The Montana Supreme Court on Wednesday upheld the conviction of a Bozeman man who was twice found guilty of attempted homicide.

Christopher Wagner, 38, was convicted in 2008 and sentenced to 60 years in prison for shooting Michael Peters in a southeast Bozeman neighborhood in 2007.

After an appeal, the Montana Supreme Court sent the case back to Gallatin County District Court in 2009, saying Wagner’s constitutional rights were violated when a prosecutor implied that Wagner’s refusal to speak with investigators after his arrest was indicative of guilt.

After a second trial, another jury found Wagner guilty in 2010. He was sentenced to 60 years in prison without parole.

The conviction stemmed from a shooting on Jan. 17, 2007. Wagner had been living in Colorado. He fled the state to Bozeman to find Peters, who had briefly dated Wagner’s ex-girlfriend.

Wagner tracked Peters down on Gardner Park Drive and, as Peters left his home in a truck, Wagner flagged him down.

Peters shot at Wagner first, hitting him in the chest after Wagner had brandished a gun. Wagner shot Peters three times, claiming it was self-defense.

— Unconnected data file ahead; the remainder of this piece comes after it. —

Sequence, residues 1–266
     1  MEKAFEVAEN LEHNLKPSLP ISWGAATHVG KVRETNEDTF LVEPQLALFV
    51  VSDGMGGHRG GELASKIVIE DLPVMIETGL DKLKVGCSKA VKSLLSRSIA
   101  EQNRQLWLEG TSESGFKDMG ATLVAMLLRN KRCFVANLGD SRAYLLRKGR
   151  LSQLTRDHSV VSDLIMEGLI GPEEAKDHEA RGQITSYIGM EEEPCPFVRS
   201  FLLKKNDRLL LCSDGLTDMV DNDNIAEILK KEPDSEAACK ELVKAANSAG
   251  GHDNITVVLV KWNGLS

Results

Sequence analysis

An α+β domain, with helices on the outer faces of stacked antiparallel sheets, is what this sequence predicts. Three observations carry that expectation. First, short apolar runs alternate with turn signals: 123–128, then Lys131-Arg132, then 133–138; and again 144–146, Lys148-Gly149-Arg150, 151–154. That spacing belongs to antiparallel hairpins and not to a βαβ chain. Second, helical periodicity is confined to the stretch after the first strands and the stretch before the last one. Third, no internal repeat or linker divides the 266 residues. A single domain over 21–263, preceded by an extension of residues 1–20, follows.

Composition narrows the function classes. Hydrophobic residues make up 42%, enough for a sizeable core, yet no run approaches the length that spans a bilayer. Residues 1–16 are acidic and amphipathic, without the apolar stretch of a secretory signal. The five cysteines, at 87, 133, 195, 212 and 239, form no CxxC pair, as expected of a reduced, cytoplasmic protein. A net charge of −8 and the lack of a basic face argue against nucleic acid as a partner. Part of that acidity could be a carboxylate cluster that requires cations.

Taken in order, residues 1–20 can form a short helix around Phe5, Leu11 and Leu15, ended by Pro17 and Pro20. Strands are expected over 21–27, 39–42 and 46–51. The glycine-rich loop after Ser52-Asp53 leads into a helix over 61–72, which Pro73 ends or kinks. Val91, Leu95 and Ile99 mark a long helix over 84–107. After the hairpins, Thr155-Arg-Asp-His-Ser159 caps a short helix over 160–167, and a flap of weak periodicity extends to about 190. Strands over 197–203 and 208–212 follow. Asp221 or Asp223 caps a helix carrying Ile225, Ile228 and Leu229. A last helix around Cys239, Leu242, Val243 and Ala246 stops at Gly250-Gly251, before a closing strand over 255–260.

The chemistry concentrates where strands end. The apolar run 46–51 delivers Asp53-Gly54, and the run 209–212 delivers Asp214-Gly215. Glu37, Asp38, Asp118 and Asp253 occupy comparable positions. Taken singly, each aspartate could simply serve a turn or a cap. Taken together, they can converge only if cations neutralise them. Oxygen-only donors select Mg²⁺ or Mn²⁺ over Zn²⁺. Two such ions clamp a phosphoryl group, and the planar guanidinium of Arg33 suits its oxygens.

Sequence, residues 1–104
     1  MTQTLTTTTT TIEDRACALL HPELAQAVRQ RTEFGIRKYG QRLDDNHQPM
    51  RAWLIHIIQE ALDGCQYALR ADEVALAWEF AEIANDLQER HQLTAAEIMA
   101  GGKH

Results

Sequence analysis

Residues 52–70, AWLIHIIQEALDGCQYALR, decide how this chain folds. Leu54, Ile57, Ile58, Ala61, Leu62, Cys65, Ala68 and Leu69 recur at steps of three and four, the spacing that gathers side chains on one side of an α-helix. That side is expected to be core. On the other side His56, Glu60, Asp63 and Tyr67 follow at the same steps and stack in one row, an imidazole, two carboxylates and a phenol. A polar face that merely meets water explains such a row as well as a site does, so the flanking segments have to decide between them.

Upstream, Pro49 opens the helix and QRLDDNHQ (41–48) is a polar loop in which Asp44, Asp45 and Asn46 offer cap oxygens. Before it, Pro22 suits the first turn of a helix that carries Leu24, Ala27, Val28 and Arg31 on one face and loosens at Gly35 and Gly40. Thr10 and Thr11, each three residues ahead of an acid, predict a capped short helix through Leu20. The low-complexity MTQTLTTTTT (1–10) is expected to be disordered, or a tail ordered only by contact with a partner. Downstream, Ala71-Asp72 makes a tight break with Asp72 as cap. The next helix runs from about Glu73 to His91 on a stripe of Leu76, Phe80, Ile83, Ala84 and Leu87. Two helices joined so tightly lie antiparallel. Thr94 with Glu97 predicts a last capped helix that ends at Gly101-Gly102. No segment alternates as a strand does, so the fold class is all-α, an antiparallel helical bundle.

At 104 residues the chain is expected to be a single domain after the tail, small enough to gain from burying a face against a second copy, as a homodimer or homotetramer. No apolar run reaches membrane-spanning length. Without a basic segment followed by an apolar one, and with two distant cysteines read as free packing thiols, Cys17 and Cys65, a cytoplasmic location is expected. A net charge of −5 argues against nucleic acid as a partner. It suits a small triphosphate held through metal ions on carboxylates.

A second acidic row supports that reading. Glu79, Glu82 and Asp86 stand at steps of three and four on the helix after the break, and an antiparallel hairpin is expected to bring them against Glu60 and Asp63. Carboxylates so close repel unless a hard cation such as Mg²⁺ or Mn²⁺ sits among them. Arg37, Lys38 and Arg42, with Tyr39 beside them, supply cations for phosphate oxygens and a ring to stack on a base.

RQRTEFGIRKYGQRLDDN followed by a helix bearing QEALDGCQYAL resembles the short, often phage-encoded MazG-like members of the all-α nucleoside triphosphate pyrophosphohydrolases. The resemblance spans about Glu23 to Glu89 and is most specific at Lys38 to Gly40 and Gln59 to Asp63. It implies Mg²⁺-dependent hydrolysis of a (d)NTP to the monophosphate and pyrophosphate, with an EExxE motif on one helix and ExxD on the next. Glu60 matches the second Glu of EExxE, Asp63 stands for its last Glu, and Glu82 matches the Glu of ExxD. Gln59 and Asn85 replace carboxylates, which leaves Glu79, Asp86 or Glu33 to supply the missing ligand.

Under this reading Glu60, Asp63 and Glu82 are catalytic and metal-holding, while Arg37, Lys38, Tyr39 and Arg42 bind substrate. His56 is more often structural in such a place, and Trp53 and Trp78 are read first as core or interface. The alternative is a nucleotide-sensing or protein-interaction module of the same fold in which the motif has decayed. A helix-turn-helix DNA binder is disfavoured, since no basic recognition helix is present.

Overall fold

In his latest appeal to the Montana Supreme Court, Wagner claimed his constitutional rights were violated because the police failed to preserve the crime scene by allowing Peters’ father to rummage through the vehicle.

Peters’ father removed Peters’ .32-caliber handgun from the vehicle, searched for Peters’ cellphone and moved the truck. Because of this, blood splatter, footprints, gunshot residue, fingerprints and other evidence was destroyed, Wagner said.

Justice Michael Wheat wrote in his opinion that Wagner only speculated that the evidence would have shown his innocence. Wagner never presented any factual basis that the missing evidence was important to his defense.

In his appeal, Wagner also claimed that the district court improperly limited Wagner’s questioning of a witness during his trial.

During the second jury trial in 2010, the state wanted to prevent the introduction of other crimes committed by witness Tim Polly. Polly was an inmate at the Gallatin County jail with Wagner. He testified that Wagner said he once beat charges against him and that he was going to kill Peters and his ex-girlfriend.

Polly has a lengthy criminal history that includes making false reports to law enforcement. At the time of the trial, he also had a pending domestic violence felony charge.

Wagner argued that the court erred by denying him a chance to challenge Polly’s credibility by asking about his prior and pending criminal charges.

Wheat disagreed, saying the extent of questioning regarding whether a witness has been accused in other crimes is within the district court’s discretion. The district court did give Wagner an opportunity to attack Polly’s credibility, but at the same time made sure cross-examination didn’t turn into an unnecessary inquiry into Polly’s history.

Whitney Bermes can be reached at wbermes@dailychronicle.com or 582-2648. Follow her on Twitter at @wabermes.

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